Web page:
In real life, Diana Rigg had chosen to leave the series for a number of reasons, one of which was to accept a role in the James Bond film On Her Majesty's Secret Service. During her first series, as she eventually learned, she was making less than the cameraman: afterwards her salary was tripled, and that, combined with her loyalty to Macnee persuaded her to come back for 25 additional episodes (including her farewell episode, which was actually shot well into the Tara King season). However, eventually the arduous shooting schedules, conflicts with the producers, the lure of film and stage roles, and a desire to challenge herself as an actress all combined to make her decide to leave the show for good.
She was the last in a string of "talented amateurs" with whom John Steed was teamed: her successor was a neophyte professional agent named Tara King, played by actress Linda Thorson, but Emma Peel appeared on TV one last time, in an episode of The New Avengers entitled "K is for Kill." She speaks briefly with Steed over the phone and mentions in passing that her last name isn't Peel anymore; Steed replies, "You'll always be Mrs. Peel to me."
After leaving the series, Rigg played Emma Peel in two unofficial German short films produced for the 8mm market: The Diadem and The Mini-Killers. Little information has survived regarding these films, though the films themselves survive.
The Avengers movie
The character was revived and reworked for the 1998 film version of the show, with Uma Thurman playing Peel and Ralph Fiennes playing Steed. In the movie Mrs. Peel is a scientist working as part of the Prospero project - an attempt to influence the weather. When the project is sabotaged by someone who appears to be Mrs. Peel, she is investigated by Ministry agent, John Steed. They work together to investigate the sabotage, first questioning Sir August De Wynter, and then Wonderland Weather - a business that artificially creates weather. At Wonderland Weather Emma is attacked by an evil duplicate of herself, which is witnessed by Steed, verifying her innocence. Further investigation leads to Sir August who is now trying to blackmail the world's leaders with his control of the weather, but Steed and Mrs. Peel defeat him on his secret island.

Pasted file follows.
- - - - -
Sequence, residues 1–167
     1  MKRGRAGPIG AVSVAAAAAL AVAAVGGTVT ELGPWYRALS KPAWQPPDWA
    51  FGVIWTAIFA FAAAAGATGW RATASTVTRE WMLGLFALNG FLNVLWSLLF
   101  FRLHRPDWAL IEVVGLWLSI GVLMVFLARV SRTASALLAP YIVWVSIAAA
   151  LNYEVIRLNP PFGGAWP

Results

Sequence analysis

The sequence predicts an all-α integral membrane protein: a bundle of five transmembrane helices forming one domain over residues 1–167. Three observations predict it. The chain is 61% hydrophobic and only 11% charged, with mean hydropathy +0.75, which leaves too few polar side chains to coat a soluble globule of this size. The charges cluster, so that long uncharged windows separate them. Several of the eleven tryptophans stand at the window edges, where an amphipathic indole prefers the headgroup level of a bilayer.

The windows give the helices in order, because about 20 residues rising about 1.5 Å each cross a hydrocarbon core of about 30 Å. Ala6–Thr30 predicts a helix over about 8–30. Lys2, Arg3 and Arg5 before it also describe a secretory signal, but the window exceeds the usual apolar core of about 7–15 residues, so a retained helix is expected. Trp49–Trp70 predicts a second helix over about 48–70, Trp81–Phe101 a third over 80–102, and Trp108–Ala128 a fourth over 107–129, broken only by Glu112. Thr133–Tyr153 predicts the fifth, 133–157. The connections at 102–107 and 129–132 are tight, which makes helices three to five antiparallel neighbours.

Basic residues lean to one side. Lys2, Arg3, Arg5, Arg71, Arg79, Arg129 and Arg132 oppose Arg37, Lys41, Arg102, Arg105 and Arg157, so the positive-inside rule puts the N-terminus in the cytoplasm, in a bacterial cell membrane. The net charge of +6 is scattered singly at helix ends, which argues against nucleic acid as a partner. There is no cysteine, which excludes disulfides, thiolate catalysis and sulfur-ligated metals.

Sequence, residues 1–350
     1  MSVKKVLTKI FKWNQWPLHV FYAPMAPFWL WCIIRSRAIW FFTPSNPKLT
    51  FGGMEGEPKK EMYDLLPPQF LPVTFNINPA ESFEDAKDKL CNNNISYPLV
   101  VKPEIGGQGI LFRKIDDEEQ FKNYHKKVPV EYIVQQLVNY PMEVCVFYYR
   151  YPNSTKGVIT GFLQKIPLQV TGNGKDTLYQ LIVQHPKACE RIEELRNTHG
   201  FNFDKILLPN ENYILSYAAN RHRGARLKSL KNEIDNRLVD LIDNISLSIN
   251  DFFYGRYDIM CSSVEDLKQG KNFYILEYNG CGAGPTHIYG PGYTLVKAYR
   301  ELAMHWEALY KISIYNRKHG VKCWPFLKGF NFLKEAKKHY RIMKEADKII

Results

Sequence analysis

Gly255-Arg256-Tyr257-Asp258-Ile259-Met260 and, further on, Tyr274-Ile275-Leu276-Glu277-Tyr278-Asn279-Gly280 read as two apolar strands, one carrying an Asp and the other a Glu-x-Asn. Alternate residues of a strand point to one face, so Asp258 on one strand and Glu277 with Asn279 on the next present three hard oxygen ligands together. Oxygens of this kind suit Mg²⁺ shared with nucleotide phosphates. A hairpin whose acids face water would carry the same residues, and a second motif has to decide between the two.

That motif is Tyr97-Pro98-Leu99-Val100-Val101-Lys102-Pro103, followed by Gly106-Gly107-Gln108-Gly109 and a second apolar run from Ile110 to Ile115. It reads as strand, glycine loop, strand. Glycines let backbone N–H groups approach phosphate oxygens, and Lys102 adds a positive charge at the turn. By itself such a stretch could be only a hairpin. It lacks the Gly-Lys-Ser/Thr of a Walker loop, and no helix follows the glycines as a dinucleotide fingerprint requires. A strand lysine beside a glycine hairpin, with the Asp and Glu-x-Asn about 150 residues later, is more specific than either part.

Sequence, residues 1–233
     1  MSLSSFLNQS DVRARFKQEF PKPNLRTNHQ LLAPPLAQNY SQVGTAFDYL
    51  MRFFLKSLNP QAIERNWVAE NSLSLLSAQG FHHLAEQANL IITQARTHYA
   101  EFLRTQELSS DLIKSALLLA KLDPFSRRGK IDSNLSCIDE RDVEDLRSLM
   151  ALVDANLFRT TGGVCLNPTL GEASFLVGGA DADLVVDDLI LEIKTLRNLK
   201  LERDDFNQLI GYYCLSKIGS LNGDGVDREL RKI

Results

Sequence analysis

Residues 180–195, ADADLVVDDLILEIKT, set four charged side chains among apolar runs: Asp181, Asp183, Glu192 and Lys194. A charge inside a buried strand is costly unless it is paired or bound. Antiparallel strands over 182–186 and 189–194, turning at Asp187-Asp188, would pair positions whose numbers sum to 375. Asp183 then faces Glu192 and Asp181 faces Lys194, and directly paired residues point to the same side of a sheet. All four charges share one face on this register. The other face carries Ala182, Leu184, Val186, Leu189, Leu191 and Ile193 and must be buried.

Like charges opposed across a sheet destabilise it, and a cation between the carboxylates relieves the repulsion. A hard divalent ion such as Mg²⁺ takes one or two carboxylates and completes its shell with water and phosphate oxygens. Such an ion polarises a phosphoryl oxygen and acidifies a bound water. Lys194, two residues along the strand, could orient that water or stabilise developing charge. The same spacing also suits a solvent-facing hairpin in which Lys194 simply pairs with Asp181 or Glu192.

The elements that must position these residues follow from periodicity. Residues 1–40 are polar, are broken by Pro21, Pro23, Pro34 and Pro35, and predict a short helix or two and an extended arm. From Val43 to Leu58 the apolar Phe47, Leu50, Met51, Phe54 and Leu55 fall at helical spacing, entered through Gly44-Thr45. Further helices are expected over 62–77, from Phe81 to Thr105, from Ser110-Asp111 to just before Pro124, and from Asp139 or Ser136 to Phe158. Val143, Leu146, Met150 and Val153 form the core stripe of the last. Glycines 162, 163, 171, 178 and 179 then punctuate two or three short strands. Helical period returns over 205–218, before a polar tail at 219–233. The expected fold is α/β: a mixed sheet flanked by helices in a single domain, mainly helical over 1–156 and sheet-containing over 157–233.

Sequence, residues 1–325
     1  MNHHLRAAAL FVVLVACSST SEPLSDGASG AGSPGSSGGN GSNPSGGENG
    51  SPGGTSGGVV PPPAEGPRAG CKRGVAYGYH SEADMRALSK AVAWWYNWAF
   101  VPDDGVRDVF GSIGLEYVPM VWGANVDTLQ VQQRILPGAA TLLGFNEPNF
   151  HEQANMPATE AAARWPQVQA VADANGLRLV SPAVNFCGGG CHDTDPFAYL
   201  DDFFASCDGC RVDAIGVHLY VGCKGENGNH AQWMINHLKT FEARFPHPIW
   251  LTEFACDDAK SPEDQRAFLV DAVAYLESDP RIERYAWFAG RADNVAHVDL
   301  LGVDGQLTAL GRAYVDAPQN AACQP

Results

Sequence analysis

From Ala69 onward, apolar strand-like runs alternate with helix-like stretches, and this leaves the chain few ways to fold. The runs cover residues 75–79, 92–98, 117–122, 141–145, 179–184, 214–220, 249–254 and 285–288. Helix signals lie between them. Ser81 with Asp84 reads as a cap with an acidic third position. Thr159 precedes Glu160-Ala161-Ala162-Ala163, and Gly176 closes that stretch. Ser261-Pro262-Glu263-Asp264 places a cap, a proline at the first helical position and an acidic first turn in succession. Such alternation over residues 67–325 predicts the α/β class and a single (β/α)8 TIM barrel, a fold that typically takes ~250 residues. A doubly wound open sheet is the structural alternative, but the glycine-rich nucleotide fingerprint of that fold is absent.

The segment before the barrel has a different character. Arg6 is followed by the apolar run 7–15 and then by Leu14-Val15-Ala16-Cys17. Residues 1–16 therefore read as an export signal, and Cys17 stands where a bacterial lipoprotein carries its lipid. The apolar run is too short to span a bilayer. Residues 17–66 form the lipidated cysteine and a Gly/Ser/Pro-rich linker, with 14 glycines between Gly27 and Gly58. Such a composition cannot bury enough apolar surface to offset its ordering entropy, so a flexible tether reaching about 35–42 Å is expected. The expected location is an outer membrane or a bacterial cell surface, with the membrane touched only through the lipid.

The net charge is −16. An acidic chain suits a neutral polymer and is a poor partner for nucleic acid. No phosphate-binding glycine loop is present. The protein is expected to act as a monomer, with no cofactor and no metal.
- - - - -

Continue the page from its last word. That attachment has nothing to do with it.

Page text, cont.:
References in popular culture
|This section does not cite any references or sources. (May 2008)|
In the 1967 Man From U.N.C.L.E. novel (number 13), The Rainbow Affair by David McDaniel, Emma Peel and John Steed appear on p. 43, but are described, not named. Emma is a "sleek, aristocratic redhead" teamed with an "elegantly, almost foppishly dressed gentleman" wearing a bowler. Emma is accused of "teasing Mr. Solo" merely by looking at him.
Dishwalla released the single "Miss Emma Peel" on the album Pet Your Friends and Steven Wilson's side-project, I.E.M., has a song called "The Last Will and Testament of Emma Peel" on the self-titled album.
The Allies, a Seattle-based rock group during the early 1980s, recorded "Emma Peel", which was featured on MTV during its early days.
Cornelia Grolimund, a Swiss singer/actress, released a track "Emma Peel" on her 1996 album, Electra.
Mad Bomber Society included a song titled "Emma Peel" on their first album, released in 2001.
John Powers, musician, released an album in 2004 titled A Million Suns, featuring a song called "Goodbye, Emma Peel."
Michael Guthrie Band, a rock band formed in Europe during the 1960s, released an album titled Right Honourable Friend in 2010. The album cover featured John Steed - played by Patrick Macnee - on the cover and a song called "Emma Peel" on its tracklist.
The Wild Snohomians, a young band out of Washington, released their debut album in 2012, which included a song titled "Emma Peel."
Noxzeema Jackson tells Miss Clara that she is going to make her look like Emma Peel in the feature film To Wong Foo, Thanks for Everything! Julie Newmar.
In the 1994 movie Pulp Fiction, John Travolta's character confessed to Uma Thurman's character that his only celebrity crush was Emma Peel. Four years later, Thurman portrayed Peel in the 1998 film The Avengers.